Non-small-cell lung cancer (NSCLC)
This is the most common form and accounts for more as much as 87% of cases. There are three different types namely squamous cell carcinoma, adenocarcinoma or large-cell carcinoma.
- Adenocarcinoma is the most common and starts in the mucous gland cells in the lining of the airways
- Squamous cell cancer develops in the fat cells that cover the surface of your airways and usually grow near the centre of the lung
- Large cell carcinoma typically starts along the outer edges of the lungs. They are less common than adenocarcinoma or squamous cell carcinoma making up 10%-15% of cases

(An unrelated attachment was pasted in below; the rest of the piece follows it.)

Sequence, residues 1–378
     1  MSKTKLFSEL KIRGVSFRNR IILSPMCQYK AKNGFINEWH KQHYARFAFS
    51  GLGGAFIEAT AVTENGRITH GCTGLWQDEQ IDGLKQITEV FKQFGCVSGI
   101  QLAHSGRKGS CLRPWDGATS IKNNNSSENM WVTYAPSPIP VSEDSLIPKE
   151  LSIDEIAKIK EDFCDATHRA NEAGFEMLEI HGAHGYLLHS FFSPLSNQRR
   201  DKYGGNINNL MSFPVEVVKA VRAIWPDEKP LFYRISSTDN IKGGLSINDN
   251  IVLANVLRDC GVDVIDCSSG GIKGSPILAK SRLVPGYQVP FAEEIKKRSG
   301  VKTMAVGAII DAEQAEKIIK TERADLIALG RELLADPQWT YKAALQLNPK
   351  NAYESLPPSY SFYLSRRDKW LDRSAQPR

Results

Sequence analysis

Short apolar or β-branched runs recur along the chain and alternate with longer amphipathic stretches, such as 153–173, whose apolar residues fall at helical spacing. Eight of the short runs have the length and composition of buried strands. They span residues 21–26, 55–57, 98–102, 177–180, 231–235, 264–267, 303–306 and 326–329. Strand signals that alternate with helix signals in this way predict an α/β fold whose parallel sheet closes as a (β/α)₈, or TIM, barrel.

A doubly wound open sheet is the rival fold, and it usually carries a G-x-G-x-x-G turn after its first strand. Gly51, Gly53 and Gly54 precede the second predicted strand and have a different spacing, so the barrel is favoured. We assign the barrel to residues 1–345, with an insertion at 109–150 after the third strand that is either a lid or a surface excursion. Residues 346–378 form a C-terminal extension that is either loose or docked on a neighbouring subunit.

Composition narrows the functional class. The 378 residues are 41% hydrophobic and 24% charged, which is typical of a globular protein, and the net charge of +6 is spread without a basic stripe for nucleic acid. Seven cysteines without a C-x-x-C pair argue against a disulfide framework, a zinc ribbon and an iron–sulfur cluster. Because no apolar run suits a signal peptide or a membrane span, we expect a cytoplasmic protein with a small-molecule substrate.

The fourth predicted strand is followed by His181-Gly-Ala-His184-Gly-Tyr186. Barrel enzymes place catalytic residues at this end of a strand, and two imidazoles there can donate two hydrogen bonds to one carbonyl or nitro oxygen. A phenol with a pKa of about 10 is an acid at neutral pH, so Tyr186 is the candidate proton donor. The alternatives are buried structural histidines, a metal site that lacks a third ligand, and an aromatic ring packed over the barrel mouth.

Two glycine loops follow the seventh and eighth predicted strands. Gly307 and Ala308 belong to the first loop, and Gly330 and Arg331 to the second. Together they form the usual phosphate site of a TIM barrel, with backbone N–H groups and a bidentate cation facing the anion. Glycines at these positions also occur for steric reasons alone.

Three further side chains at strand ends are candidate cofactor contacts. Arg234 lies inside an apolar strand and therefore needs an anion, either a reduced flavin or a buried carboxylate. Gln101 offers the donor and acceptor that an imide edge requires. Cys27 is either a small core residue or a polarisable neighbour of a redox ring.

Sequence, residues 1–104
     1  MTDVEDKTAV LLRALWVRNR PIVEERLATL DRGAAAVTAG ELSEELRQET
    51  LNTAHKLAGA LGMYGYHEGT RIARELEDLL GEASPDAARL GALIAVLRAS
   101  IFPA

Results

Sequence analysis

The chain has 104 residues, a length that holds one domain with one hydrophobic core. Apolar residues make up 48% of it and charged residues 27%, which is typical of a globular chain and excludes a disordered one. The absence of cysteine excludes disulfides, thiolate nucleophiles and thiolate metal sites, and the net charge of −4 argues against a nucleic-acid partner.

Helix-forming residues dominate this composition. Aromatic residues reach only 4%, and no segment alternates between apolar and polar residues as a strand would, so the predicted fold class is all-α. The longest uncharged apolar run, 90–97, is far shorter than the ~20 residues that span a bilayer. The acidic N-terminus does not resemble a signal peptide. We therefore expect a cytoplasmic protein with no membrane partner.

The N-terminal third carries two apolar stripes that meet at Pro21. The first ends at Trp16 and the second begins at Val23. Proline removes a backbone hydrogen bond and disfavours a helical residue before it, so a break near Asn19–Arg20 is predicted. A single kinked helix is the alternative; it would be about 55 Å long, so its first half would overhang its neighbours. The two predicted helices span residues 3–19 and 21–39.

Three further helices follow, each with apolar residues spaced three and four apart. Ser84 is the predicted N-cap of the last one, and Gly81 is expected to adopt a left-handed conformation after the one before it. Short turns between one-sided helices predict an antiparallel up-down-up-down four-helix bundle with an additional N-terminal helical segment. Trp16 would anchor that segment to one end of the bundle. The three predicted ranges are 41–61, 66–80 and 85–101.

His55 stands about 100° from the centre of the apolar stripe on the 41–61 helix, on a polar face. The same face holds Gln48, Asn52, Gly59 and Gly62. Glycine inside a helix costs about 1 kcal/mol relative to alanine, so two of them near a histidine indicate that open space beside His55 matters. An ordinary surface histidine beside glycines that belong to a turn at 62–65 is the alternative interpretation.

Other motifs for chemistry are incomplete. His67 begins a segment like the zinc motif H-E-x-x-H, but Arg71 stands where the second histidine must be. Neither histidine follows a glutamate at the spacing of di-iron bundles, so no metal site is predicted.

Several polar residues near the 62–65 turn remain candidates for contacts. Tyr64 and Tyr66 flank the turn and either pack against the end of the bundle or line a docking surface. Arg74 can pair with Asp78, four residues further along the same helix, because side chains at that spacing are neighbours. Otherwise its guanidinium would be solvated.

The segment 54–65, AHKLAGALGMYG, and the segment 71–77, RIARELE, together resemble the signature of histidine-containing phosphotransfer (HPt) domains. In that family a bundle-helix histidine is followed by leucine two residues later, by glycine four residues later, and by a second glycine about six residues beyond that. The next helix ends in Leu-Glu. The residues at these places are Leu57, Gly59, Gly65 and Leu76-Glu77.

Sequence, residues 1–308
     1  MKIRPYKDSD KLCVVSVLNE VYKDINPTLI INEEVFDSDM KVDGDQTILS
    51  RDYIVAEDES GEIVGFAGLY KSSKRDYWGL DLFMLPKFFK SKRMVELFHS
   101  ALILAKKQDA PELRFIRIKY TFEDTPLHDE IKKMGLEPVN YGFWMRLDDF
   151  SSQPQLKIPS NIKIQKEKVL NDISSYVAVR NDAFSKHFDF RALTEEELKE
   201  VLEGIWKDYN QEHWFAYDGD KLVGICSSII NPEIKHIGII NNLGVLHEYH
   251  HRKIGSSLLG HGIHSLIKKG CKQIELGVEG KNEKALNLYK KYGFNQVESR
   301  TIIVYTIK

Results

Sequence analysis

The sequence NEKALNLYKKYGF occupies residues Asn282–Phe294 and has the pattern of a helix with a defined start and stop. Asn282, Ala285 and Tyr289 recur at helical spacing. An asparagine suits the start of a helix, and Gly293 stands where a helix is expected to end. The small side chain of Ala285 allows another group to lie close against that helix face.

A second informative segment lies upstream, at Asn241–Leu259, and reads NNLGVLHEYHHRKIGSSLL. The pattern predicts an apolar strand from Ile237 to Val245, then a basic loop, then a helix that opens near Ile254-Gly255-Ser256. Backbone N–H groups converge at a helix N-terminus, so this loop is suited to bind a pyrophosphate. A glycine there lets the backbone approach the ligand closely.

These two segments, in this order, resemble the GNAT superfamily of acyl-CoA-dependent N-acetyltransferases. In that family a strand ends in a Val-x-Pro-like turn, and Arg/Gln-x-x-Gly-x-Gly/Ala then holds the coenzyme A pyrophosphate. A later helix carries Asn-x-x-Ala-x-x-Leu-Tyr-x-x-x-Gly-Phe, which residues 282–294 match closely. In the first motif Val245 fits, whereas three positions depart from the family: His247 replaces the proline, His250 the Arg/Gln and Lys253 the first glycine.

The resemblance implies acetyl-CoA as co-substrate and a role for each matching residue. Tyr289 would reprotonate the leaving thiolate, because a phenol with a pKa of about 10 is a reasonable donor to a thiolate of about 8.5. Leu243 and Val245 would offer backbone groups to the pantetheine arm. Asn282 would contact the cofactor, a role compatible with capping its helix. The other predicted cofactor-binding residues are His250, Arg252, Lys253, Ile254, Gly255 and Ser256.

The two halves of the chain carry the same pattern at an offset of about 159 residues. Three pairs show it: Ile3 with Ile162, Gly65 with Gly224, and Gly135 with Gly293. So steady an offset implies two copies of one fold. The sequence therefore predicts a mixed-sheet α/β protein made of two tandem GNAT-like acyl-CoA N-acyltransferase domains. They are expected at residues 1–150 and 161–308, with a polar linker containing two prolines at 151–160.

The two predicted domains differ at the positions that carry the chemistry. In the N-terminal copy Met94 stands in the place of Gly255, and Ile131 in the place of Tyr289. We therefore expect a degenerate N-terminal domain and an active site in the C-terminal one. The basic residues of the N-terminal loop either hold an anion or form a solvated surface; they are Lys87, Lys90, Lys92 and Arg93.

Small-cell lung cancer (SCLC)
This is less common accounting for about 12 out of every 100 cases and mostly caused by smoking. These cancer cells tend to grow faster than NSCLC and travel to other parts of the body, metastasizing much easier. There are two types namely Small cell carcinoma (oat cell cancer) and combined small cell carcinoma.
Signs And Symptoms
There are several possible causes for various symptoms so it’s important to know what signs to look out for. Sometimes doctors can identify unusual changes to a patient’s chest x-ray but that doesn’t necessarily mean lung cancer as it could be an infection.
If doctors want to find a more detailed diagnosis, they will run different tests or scans to find a definitive answer. We’ve listed the most common symptoms of lung cancer below:
- Coughing most of the time
- Your long-term cough may sound different or it’s painful